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Foster forced to revise design for new urban quarter in Edinburgh

Foster and Partners has radically reworked its £400 million masterplan for Edinburgh's Royal Infirmary following pressure from local campaigners and the Royal Fine Art Commission for Scotland (RFACS).

The practice has reduced the project's massing, redesigned the six-storey residential buildings and trimmed down the scheme's commercial quarter.

The changes came after an ultimatum from the city council's planning committee, which warned that unless the Meadows Residents Association's concerns were resolved, the scheme would be thrown out.

The project will provide Scotland's capital with a new urban quarter including a 220bed hotel, 600 homes and 60,000m 2of office space.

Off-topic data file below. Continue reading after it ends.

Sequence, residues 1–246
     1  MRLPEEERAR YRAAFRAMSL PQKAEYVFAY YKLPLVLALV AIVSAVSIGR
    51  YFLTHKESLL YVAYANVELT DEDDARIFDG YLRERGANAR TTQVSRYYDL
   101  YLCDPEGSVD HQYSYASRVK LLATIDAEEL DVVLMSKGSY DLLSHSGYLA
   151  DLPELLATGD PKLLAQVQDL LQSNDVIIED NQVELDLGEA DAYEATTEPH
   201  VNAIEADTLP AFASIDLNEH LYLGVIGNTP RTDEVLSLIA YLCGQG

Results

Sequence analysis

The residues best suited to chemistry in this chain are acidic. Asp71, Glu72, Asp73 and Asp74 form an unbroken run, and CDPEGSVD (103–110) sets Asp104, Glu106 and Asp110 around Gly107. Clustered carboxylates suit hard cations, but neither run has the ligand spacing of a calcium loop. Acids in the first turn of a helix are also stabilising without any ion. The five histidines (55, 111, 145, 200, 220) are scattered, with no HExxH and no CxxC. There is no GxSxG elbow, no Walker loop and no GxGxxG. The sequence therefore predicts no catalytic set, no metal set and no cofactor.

Foster and Partners' project architect Hugh Stewart said the design team was 'happy to make the changes'. 'There is a lot going for the scheme and we believe we have solved all the residents' concerns, ' he said.

But RFACS director Charles Prosser said it had been a long battle to win the alterations.

'Foster turned up believing he was going to get his own way, ' Prosser added. 'We made him realise that you can't just build anything in this city.'

However, a source inside the planning department said there is 'still uncertainty' over whether the scheme would win permission. 'There remains a lot of hostility, ' she said.

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